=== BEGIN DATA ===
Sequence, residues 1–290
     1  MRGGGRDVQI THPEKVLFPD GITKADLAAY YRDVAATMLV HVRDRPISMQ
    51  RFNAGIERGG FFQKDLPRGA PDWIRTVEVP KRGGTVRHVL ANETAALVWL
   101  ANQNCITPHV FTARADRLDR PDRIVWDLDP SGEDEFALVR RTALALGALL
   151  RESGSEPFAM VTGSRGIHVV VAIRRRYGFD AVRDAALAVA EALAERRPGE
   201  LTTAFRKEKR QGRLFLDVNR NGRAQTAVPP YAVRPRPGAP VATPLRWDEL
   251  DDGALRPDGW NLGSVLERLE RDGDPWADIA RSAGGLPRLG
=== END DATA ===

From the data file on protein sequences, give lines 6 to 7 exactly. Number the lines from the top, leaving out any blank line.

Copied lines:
   201  LTTAFRKEKR QGRLFLDVNR NGRAQTAVPP YAVRPRPGAP VATPLRWDEL
   251  DDGALRPDGW NLGSVLERLE RDGDPWADIA RSAGGLPRLG